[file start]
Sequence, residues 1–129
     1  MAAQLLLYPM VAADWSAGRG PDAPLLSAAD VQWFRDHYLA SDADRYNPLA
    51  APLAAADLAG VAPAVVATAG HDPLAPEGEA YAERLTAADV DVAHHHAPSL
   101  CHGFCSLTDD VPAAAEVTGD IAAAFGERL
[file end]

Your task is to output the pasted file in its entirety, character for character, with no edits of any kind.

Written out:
Sequence, residues 1–129
     1  MAAQLLLYPM VAADWSAGRG PDAPLLSAAD VQWFRDHYLA SDADRYNPLA
    51  APLAAADLAG VAPAVVATAG HDPLAPEGEA YAERLTAADV DVAHHHAPSL
   101  CHGFCSLTDD VPAAAEVTGD IAAAFGERL